Bavaria, Notes on German Culture

The Christkindl gift bringer tradition was first introduced by Martin Luther

Martin Luther influenced our German Christmas traditions, in both northern and southern Germany.

In general, the Christkindl …or Christ-child… always seemed to be the tradition in Catholic southern Germany and the Weihnachtsmann seemed to be the Lutheran tradition in northern Germany. But it was not always so…early in the 16th century there was no Christkindl tradition… the established tradition for all Christians was that Sankt Nikolaus (St. Nicholas) was the gift bringer on December 6th and there were no gifts on Christmas Eve.

Even more surprising to me is that the Christkindl gift bringer tradition was first introduced by Martin Luther. His motivation was to explicitly discourage the figure of St. Nicholas, along with the concept of Saints all together, and thus he introduced the Christ-child as the unseen gift bringer and changed the date of giving gifts from December 6th to Christmas Eve.

The Christkindl tradition was not adopted in Catholic areas until the 19th century, with some exceptions like Nuremberg, where it was already common by the end of the 16th century. Meanwhile, in Lutheran areas the Christkindl began to be gradually replaced by a secularized version of Saint Nikolaus, the Weihnachtsmann (Christmas Man), who brought gifts on Christmas Eve.

The Christkindl is a sprite-like child, usually depicted with blond hair and angelic wings. Martin Luther intended it to be a reference to the incarnation of Jesus as an infant, but eventually the Christ Child began to be represented as a beautiful young female angel bringing the presents.
Children never see the Christkindl in person, and parents tell them that Christkind will not come and bring presents if they are curious and try to spot it. The family enters the living room, where the Christmas tree has been put up, for the opening of presents (the Bescherung) when the parents say that they think that the Christkind who has brought the presents has now left again. In some traditions, the departure is announced by the ringing of a small bell, which the parents pretend to have heard or which is secretly done by one of the adults in the family.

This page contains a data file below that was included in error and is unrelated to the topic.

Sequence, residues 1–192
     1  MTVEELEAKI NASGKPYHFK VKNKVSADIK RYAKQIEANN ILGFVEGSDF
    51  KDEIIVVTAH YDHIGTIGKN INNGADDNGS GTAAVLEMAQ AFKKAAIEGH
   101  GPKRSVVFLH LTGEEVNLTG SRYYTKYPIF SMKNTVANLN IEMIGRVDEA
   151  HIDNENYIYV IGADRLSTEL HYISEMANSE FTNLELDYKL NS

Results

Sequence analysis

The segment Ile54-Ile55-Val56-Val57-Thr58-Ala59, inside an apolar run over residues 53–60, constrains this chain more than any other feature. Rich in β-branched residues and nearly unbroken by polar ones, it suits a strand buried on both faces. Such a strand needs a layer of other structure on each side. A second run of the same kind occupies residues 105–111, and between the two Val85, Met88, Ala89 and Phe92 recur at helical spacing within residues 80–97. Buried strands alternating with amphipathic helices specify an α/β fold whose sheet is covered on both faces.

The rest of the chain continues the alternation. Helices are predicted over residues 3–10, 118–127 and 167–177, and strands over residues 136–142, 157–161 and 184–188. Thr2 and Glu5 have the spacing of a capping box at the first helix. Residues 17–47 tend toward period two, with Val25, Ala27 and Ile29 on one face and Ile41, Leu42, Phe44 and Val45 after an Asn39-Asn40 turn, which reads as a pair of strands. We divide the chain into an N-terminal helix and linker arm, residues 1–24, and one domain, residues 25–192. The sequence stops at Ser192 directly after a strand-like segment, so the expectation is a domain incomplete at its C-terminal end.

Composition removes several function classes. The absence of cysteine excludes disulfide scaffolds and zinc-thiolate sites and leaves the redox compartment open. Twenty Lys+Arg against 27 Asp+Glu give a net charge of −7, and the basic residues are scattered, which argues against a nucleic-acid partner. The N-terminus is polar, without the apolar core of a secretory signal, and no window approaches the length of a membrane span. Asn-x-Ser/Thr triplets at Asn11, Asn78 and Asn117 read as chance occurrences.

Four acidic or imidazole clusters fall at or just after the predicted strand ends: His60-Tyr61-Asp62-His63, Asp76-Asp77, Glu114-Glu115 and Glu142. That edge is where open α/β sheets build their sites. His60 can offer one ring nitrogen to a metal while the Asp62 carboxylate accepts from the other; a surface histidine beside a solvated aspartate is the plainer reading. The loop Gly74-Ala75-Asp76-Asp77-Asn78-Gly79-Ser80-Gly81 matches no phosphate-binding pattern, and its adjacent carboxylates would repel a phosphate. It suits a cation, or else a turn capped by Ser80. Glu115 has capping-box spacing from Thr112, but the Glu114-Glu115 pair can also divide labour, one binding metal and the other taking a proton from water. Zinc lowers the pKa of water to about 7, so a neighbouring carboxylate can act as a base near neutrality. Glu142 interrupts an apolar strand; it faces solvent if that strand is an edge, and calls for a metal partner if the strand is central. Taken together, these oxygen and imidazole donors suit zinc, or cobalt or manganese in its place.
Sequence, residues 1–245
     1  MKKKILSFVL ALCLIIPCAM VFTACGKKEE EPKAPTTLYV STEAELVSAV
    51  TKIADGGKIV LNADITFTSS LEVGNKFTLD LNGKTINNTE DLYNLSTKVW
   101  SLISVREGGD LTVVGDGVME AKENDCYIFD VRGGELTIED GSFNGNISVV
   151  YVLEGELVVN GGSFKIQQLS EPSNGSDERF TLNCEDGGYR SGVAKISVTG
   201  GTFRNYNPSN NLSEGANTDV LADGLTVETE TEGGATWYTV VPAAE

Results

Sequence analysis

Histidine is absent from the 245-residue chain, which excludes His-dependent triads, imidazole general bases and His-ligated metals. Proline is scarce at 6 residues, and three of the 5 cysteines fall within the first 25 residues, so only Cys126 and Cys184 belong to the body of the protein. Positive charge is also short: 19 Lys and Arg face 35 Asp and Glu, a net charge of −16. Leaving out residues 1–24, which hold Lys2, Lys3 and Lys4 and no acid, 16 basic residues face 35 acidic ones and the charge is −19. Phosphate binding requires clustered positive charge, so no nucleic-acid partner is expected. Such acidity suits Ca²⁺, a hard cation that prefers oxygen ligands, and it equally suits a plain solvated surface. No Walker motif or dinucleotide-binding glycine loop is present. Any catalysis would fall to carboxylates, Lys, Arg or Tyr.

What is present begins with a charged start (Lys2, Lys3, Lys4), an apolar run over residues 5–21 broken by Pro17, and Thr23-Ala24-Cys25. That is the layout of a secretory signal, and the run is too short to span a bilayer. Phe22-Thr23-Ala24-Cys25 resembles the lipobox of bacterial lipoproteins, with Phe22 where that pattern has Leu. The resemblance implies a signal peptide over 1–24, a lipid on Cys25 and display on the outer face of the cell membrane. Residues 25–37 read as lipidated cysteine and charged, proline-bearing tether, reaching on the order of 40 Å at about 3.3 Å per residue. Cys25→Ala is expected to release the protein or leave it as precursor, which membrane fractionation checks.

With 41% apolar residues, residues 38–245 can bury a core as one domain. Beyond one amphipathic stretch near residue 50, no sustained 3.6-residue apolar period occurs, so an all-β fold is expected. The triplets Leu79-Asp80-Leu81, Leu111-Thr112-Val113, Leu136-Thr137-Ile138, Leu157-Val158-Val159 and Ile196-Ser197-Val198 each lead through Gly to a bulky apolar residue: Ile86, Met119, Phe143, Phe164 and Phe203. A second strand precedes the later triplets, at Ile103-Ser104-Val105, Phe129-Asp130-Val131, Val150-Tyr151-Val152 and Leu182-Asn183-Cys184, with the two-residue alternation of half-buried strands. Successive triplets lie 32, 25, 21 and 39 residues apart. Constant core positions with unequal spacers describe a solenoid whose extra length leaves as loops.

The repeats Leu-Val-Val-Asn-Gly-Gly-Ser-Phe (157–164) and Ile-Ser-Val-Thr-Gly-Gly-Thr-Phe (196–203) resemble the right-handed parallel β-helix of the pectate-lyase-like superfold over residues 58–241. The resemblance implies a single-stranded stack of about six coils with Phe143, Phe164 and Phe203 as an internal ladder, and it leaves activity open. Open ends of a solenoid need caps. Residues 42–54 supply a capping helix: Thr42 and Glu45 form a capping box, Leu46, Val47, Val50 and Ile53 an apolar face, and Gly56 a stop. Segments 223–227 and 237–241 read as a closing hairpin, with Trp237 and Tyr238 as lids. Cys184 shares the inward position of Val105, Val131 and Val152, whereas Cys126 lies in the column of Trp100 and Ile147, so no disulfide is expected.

The Weihnachtsmann in northern Germany also arrives on Christmas Eve, but he knocks loudly on the door and is seen by all. However, he never arrives until after the Christmas ceremony…sitting around the tree, candles glowing in the otherwise dark room, singing some songs, listening to the familiar tunes, and listening to a reading from the Bible, and wishing each other Frohe Weihnachten. Shortly after this is when the Weihnachtsmann arrives. The youngest kids perform their rehearsed songs or recite a poem. If the Weihnachtsmann was pleased, he would thank each person and leave his bag of presents.
Despite Luther’s intentions, the good old Saint Nikolaus never did go away…his day, December 6th, is still celebrated all over Germany…only on a reduced level. He passes by childrens’ homes unseen on the night of the 6th and leaves a few coins and candies in their shoes, which were placed by kids on the window sills.
The image depicted is a 1917 Bavarian WWI poster showing the Christkindl pulling a sleigh loaded with bundles and delivering one to a German soldier at the front lines.


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